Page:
OriginPro 9.1 G  OriginLab -- software for stastic analysis of ALP assay data
Polysine Slides ThermoScientific 10143265 microscope slides
Rotor JA-10 Beckman Coulter  -- rotor for Avanti J-26XP centrifuge
Rotor JLA 8.1 Beckman Coulter  -- rotor for Avanti J-26XP centrifuge
Rotor JA 25.50 Beckman Coulter  -- rotor for Avanti J-26XP centrifuge
Tecan infinite M200 multiplate reader Tecan Deutschland GmbH -- Multiplate reader for ALP assay
Thermocycler - Labcycler Gradient SensoQuest GmbH -- PCR
TxRed - microscope filter Keyence Filter for fluorescent microscope 
Ultrafiltration regenerated cellulose discs 3 kDa Merck KGaA PLBC04310 used with amicon concentrating cell 400ml
Ultrafiltration regenerated cellulose discs 10 kDa Merck KGaA PLGC04310 used with amicon concentrating cell 400ml

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References

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  2. Oryan, A., Alidadi, S., Moshiri, A., Bigham-Sadegh, A. Bone morphogenetic proteins: A powerful osteoinductive compound with non-negligible side effects and limitations. Biofactors. 40, (5), 459-481 (2014).
  3. Luginbuehl, V., Meinel, L., Merkle, H. P., Gander, B. Localized delivery of growth factors for bone repair. Eur J Pharm Biopharm. 58, (2), 197-208 (2004).
  4. Haidar, Z. S., Hamdy, R. C., Tabrizian, M. Delivery of recombinant bone morphogenetic proteins for bone regeneration and repair. Part A: Current challenges in BMP delivery. Biotechnol Lett. 31, (12), 1817-1824 (2009).
  5. Hollinger, J. O., Uludag, H., Winn, S. R. Sustained release emphasizing recombinant human bone morphogenetic protein-2. Adv Drug Deliv Rev. 31, (3), 303-318 (1998).
  6. Uludag, H., et al. Implantation of recombinant human bone morphogenetic proteins with biomaterial carriers: A correlation between protein pharmacokinetics and osteoinduction in the rat ectopic model. J Biomed Mater Res. 50, (2), 227-238 (2000).
  7. Uludag, H., Golden, J., Palmer, R., Wozney, J. M. Biotinated bone morphogenetic protein-2: In vivo and in vitro activity. Biotechnol Bioeng. 65, (6), 668-672 (1999).
  8. Aono, A., et al. Potent ectopic bone-inducing activity of bone morphogenetic protein-4/7 heterodimer. Biochem Biophys Res Commun. 210, (3), 670-677 (1995).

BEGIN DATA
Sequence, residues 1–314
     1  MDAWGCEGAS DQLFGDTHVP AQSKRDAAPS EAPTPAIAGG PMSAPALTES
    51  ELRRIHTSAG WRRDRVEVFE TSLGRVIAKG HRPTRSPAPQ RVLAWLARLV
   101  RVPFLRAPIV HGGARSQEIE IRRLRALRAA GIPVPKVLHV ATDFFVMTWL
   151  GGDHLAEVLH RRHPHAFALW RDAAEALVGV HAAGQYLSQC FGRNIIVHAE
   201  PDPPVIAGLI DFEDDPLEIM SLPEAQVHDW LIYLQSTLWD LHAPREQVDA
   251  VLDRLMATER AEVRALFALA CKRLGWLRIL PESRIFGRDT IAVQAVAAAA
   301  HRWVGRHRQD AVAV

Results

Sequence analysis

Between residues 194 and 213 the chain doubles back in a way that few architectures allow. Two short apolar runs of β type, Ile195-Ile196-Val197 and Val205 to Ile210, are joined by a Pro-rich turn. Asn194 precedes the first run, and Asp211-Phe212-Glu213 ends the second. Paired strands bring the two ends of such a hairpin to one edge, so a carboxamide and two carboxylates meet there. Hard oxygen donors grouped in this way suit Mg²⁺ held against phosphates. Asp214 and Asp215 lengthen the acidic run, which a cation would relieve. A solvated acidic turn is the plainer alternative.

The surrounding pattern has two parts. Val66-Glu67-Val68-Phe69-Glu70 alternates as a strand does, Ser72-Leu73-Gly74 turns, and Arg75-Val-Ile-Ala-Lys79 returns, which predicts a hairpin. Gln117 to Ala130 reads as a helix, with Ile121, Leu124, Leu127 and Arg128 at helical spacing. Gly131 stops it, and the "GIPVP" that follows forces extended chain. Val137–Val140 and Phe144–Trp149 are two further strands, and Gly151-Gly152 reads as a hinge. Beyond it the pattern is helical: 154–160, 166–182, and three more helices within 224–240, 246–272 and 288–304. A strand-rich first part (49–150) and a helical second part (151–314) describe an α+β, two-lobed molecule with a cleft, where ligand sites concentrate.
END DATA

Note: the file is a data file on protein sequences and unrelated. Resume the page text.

9. Suzuki, Y., et al. Alginate hydrogel linked with synthetic oligopeptide derived from BMP-2 allows ectopic osteoinduction in vivo. J Biomed Mater Res. 50, (3), 405-409 (2000).
  10. Knaus, P., Sebald, W. Cooperativity of binding epitopes and receptor chains in the BMP/TGFbeta superfamily. Biol Chem. 382, (8), 1189-1195 (2001).
  11. Wang, L., Xie, J., Schultz, P. G. Expanding the genetic code. Annu Rev Biophys Biomol Struct. 35, 225-249 (2006).
  12. Costa, G. L., Weiner, M. P. Rapid PCR site-directed mutagenesis. CSH Protoc. 2006, (1), (2006).
  13. Kirsch, T., Nickel, J., Sebald, W. Isolation of recombinant BMP receptor IA ectodomain and its 2:1 complex with BMP-2. FEBS Lett. 468, (2-3), 215-219 (2000).
  14. Tabisz, B., et al. Site-directed immobilization of BMP-2: Two approaches for the production of innovative osteoinductive scaffolds. Biomacromolecules. 18, (3), 695-708 (2017).
  15. Duong-Ly, K. C., Gabelli, S. B. Using ion exchange chromatography to purify a recombinantly expressed protein. Methods Enzymol. 541, 95-103 (2014).
  16. Brunelle, J. L., Green, R. One-dimensional SDS-polyacrylamide gel electrophoresis (1D SDS-PAGE). Methods Enzymol. 541, 151-159 (2014).
  17. Brunelle, J. L., Green, R. Coomassie blue staining. Methods Enzymol. 541, 161-167 (2014).
  18. Kirsch, T., Nickel, J., Sebald, W. BMP-2 antagonists emerge from alterations in the low-affinity binding epitope for receptor BMPR-II. EMBO J. 19, (13), 3314-3324 (2000).
  19. Hein, J. E., Fokin, V. V. Copper-catalyzed azide-alkyne cycloaddition (CuAAC) and beyond: new reactivity of copper(I) acetylides. Chem Soc Rev. 39, (4), 1302-1315 (2010).
  20. Alborzinia, H., et al. Quantitative kinetics analysis of BMP2 uptake into cells and its modulation by BMP antagonists. J Cell Sci. 126, (Pt 1), 117-127 (2013).
  21. Paarmann, P., et al. Dynamin-dependent endocytosis of Bone Morphogenetic Protein2 (BMP2) and its receptors is dispensable for the initiation of Smad signaling. Int J Biochem Cell Biol. 76, 51-63 (2016).
  22. Pohl, T. L., Boergermann, J. H., Schwaerzer, G. K., Knaus, P., Cavalcanti-Adam, E. A. Surface immobilization of bone morphogenetic protein 2 via a self-assembled monolayer formation induces cell differentiation. Acta Biomater. 8, (2), 772-780 (2012).